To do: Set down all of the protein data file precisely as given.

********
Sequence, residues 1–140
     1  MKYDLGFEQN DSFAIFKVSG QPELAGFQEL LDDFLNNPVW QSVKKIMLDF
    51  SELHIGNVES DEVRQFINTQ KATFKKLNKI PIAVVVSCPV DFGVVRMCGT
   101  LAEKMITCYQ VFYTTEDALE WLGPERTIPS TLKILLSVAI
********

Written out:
Sequence, residues 1–140
     1  MKYDLGFEQN DSFAIFKVSG QPELAGFQEL LDDFLNNPVW QSVKKIMLDF
    51  SELHIGNVES DEVRQFINTQ KATFKKLNKI PIAVVVSCPV DFGVVRMCGT
   101  LAEKMITCYQ VFYTTEDALE WLGPERTIPS TLKILLSVAI